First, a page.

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Indian Court Holds Coca-Cola, Pepsi Accountable for Painted Advertisements - 2002-08-17


India's Supreme Court has asked the companies that produce Coca-Cola and Pepsi to answer allegations that they painted large areas of rock face in the Himalayan mountains with advertisements. Environmentalists are concerned about the damage the advertisements may have caused to the area's ecology.

The rocks that have been painted with advertisements jut out from the mountainside along a 56-kilometer highway that leads to the breathtaking, snow-covered Rohtang pass in the northern Himachal Pradesh state. Tens-of-thousands of tourists travel the winding, mountain road every year to see the spectacular, picture-postcard scenery, nearly 4,000 meters up in the Himalayas.

The Supreme Court issued notices to the two cola companies, after a national newspaper published photographs of the rocks and quoted experts as saying that the paint has damaged the ecology of the area. The Himalayan mountain chain is the youngest and highest in the world and, experts say, the rocks support mosses and other organisms.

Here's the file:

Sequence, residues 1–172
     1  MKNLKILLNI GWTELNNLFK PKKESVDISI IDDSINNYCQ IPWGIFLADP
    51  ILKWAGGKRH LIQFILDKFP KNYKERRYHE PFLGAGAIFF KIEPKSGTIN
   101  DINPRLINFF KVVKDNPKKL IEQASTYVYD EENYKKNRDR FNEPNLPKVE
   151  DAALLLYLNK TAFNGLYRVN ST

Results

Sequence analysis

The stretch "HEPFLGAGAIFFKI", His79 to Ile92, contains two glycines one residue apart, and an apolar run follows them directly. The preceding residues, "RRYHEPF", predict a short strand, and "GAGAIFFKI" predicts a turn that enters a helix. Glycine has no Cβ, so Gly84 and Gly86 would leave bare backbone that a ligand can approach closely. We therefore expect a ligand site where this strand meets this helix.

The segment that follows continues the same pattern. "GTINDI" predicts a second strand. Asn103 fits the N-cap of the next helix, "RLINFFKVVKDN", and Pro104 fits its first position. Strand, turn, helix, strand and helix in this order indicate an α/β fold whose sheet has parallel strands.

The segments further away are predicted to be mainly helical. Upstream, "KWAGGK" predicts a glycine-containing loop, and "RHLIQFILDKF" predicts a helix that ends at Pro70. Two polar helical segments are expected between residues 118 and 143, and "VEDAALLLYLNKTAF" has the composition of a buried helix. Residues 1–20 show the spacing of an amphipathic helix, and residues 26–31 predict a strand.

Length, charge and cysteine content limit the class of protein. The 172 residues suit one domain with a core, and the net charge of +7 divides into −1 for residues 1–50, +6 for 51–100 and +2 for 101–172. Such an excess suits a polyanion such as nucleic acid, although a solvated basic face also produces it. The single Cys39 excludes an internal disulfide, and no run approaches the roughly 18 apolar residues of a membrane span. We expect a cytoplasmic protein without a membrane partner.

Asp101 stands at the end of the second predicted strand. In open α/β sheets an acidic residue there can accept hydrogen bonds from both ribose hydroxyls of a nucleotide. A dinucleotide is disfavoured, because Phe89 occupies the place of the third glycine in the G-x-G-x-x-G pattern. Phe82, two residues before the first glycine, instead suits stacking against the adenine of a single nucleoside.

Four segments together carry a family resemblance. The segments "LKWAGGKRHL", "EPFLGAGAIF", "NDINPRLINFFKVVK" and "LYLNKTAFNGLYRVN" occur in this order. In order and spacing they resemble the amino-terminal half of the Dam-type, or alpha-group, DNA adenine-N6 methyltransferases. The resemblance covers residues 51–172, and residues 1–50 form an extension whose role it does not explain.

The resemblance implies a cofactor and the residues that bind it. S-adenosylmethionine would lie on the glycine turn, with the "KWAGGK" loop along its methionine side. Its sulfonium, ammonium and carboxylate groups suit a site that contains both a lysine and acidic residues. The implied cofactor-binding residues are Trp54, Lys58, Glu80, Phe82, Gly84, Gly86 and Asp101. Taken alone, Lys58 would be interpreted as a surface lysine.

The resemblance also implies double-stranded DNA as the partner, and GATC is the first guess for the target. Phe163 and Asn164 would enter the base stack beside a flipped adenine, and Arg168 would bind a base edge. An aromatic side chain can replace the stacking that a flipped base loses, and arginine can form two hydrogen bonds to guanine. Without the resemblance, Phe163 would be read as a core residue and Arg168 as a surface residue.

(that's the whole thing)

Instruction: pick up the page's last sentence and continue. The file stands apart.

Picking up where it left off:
Geologists are also alarmed because rocks conceal many secrets of the earth's formation. They say these may be lost forever beneath the coat of paint that now covers them.

Former Director of the Geological Survey of India, Om Narain Bhargava, says the Himalayan mountain chain is among the best places for research. "Since it is a very young mountain chain, very many evidences are preserved, and, when we study these rocks, it can form a sort of case history, which can be applied to other mountain chains, also. That is the uniqueness of the Himalayas. By the painting of these rocks, we conceal some of these features, or some of the crucial evidences," he said.

Both Pepsi and Coca-Cola say the advertisements were placed by local affiliates, without their knowledge. Both companies are promising to rectify the damage.

A spokesman for the Coca-Cola company, Nantoo Banerjee, said the company is engaging geologists to advise on restoration of the rocks.

"We very much regret that this has occurred. We have instructed our people in the region to take expeditious steps to set right any damage caused by the act, in a manner that preserves, protects and enhances the environment in the area," Mr. Banerjee said.

But experts say that may be easier said than done. They say the chemicals needed to remove the paint could cause further damage, and the micro-organisms and moss that covered the rock surface are lost forever.

The advertisements are not the only environmental threat to the region. The popular tourist spot is also polluted by tons of garbage dumped by tourists. Local authorities recently joined hands with mountain dwellers to remove truck loads of plastic bags, bottles and tin cans that were littering the mountainside.

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